I have used a few different static site generators including:

  • GitBook
  • Hexo
  • HubPress
  • Hugo
  • Jekyll
  • Pelican

and each lacked a very important feature: a flexible, powerful and well-documented templating engine. By this I mean a templating engine that:

  1. Allows for the inclusion of content from multiple files within a post, with rendering being the same as it would be if the content of the multiple files was placed in the post. For example, on my present Jekyll-powered blog I often split posts up into smaller, more manageable markdown files. Jekyll allows me, using the Liquid templating engine, to include these markdown files into the final post. If you would like to see exactly what I use and mean, here is an example post file as you can see several markdown files are included into it using {% include_relative <FILENAME> %}. Other templating engines have not afforded me this ability.

  2. Is able to be extensively programmed with using conditionals, tests, iterations, greps, seds, etc. For example, if I could check if an input given contains a string (but not necessarily being equal to that string) that would be helpful. Likewise if I could strip off everything that comes before a forward-slash / (e.g., if the input was the web address http://www.example.com, this would cut http:// out and leave me with www.example.com) in an input and use it that would be helpful. If an input was of the form a/b (e.g., games-strategy/megaglest, where a is games-strategy and b is megaglest), it would be helpful if I could split it into two parts a and b and use a and b separately in my templates.

  3. Has comprehensive documentation. I have not come across a single templating engine used by a static site generator that has comprehensive documentation, the one with the best documentation at the time of writing this question was probably Liquid but it is still not comprehensive.

Linux compatibility is also important as I would like to deploy to GitHub pages and to do so, with most SSGs (except Jekyll and HubPress) I need to be able to build the site locally (which for me is on Linux) and then push the site content to the gh-pages branch of my repo. Support for markdown posts is also a must. If pages other than posts can be included (like an about me page for the website) in the site that would also be excellent.


1 Answer 1


I would suggest taking a look at Jekyll's evil twin Hyde.

  • Templates via Jinja2 which has extensive documentation and includes extensive conditionals, etc.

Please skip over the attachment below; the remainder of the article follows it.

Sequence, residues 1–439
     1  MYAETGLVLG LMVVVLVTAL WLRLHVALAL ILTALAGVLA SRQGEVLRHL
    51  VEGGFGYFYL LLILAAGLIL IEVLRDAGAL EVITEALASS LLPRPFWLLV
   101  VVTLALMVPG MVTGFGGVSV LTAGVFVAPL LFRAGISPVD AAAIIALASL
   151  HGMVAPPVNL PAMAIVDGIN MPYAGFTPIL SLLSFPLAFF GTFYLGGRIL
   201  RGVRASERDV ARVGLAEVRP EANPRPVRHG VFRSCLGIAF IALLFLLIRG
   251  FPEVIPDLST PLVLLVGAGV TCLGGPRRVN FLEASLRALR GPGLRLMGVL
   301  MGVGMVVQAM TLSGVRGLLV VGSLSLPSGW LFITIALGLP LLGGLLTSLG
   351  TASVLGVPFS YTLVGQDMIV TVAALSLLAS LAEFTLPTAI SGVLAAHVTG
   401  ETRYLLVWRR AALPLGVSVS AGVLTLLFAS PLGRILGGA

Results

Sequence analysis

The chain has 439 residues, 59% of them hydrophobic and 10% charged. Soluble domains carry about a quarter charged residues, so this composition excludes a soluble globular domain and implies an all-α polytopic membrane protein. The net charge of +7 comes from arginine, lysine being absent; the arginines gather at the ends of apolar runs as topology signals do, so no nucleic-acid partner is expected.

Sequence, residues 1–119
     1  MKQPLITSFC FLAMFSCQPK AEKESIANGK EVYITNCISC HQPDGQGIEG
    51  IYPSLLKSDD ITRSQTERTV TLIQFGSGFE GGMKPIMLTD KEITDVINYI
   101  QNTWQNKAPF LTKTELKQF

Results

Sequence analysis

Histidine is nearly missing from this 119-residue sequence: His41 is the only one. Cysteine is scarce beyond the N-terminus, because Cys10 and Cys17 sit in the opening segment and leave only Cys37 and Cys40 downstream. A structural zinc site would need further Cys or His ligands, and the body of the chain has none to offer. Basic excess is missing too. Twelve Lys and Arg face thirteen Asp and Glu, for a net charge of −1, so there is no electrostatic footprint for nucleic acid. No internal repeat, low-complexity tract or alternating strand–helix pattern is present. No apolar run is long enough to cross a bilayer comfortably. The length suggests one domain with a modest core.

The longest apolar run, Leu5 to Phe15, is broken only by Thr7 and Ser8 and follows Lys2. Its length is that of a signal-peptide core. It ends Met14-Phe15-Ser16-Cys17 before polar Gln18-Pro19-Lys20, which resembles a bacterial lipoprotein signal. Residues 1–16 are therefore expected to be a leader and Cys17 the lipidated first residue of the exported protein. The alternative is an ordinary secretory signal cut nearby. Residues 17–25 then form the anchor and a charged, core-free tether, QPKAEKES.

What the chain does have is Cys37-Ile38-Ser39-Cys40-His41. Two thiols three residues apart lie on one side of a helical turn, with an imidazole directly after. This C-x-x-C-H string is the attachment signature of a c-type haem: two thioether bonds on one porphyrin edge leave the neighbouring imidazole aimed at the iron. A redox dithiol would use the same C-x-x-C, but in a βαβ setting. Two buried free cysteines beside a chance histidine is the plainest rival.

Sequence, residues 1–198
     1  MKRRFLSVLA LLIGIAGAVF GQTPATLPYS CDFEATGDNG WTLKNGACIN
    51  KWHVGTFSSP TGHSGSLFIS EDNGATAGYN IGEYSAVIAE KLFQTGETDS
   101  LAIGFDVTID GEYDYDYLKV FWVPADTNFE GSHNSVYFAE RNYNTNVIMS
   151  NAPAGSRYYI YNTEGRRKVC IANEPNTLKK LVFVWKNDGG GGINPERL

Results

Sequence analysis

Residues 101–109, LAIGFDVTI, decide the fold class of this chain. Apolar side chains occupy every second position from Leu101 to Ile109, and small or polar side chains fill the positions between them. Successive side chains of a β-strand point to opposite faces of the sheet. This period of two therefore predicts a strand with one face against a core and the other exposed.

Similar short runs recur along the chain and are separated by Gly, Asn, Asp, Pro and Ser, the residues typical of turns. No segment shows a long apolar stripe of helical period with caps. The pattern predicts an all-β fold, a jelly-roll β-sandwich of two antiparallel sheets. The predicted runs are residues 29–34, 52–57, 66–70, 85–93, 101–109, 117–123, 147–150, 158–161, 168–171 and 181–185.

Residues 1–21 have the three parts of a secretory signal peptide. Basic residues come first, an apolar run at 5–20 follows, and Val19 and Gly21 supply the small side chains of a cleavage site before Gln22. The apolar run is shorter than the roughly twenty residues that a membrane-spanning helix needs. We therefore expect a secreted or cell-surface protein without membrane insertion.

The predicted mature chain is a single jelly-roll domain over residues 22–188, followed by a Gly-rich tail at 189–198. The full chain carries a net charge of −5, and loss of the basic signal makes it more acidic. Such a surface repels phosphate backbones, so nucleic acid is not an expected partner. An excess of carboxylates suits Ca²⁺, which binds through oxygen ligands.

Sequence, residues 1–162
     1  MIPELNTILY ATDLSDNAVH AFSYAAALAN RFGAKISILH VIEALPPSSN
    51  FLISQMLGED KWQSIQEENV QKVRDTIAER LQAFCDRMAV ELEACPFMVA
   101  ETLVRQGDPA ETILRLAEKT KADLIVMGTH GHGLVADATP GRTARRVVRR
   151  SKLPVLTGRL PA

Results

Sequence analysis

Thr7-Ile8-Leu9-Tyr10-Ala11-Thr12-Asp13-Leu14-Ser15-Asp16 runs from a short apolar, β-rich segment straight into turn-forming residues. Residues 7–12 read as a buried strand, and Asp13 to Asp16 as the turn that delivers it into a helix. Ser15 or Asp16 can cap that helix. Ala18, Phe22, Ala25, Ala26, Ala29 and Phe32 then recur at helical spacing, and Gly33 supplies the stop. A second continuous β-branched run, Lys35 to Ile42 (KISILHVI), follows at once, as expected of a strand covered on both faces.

• Markdown is implemented in Python Markdown which has an extensive list of extensions and an extension API. One available extension using this API is markdown include.
  • All of the above tools are written in Python so Linux compatibility is not an issue
  • Hyde has 4 commands from the command line:

    • hyde create Create initial file structure
    • hyde gen Generate the pages, incrementally by default
    • hyde serve Start a local test web server with automatic (re-)generation
    • hyde publish Publish the generated files to the specified location, e.g. github pages.
  • 1
    Tempting, but I looked at its repo and there's been no commits in over a year and no releases in over a year and a half, making me wonder if it is dead...
    – Josh Pinto
    May 12, 2017 at 7:01
  • Oh and if you provide me with HOW to setup Python Markdown to use markdown include I'd be more inclined to accept this answer. I have used Pelican before and from what I can tell it has all the same features, but I couldn't include files with it as I'm not much of a programmer I haven't the foggiest how to use Python Markdown's API to use markdown include.
    – Josh Pinto
    May 12, 2017 at 7:38
  • pip install -U markdown markdown-include possibly prefixed with sudo should do the installation. pythonhosted.org/Markdown/cli.html gives some details on using extensions. May 12, 2017 at 7:49
  • All that link tells me is how to convert markdown files into HTML output (I think though their use of the .txt file extension for what seems like markdown files is confusing) from the command-line. If I'm using an SSG I won't be converting md files manually from the command-line will I, the SSG will do it all for me with the serve command won't it?
    – Josh Pinto
    May 12, 2017 at 7:57

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